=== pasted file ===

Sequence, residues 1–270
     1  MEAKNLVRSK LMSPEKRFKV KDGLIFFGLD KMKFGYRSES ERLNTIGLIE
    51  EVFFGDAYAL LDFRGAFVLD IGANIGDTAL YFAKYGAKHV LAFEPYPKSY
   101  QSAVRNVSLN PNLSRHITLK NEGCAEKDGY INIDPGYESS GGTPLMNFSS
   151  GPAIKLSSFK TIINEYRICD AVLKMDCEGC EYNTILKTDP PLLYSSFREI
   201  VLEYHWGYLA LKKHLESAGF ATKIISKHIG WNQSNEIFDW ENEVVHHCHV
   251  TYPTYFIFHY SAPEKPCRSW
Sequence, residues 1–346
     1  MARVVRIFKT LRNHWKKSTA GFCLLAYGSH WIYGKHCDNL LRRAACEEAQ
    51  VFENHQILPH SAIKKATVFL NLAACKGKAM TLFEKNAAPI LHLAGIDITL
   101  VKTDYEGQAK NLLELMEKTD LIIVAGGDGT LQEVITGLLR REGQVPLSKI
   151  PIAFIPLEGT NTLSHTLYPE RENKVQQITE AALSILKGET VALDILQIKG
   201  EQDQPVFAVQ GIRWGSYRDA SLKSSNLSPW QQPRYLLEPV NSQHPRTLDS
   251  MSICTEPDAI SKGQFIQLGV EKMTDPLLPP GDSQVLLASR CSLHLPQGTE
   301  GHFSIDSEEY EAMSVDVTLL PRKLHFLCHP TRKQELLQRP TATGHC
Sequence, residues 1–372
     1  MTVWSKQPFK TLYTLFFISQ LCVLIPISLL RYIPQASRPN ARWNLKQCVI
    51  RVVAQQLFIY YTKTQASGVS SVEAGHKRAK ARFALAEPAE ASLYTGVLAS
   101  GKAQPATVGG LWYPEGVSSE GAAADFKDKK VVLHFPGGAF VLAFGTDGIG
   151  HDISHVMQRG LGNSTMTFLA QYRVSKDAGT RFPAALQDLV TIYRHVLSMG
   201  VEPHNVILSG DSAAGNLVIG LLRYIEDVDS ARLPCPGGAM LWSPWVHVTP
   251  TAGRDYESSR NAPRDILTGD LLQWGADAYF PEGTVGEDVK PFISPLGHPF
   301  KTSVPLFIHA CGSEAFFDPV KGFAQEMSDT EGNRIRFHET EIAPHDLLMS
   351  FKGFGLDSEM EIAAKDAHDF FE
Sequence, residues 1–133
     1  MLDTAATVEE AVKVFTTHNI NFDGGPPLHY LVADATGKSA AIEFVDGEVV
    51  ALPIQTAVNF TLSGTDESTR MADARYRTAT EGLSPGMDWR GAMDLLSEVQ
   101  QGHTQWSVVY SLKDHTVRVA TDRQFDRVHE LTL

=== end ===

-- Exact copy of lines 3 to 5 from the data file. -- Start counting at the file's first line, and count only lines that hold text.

    51  EVFFGDAYAL LDFRGAFVLD IGANIGDTAL YFAKYGAKHV LAFEPYPKSY
   101  QSAVRNVSLN PNLSRHITLK NEGCAEKDGY INIDPGYESS GGTPLMNFSS
   151  GPAIKLSSFK TIINEYRICD AVLKMDCEGC EYNTILKTDP PLLYSSFREI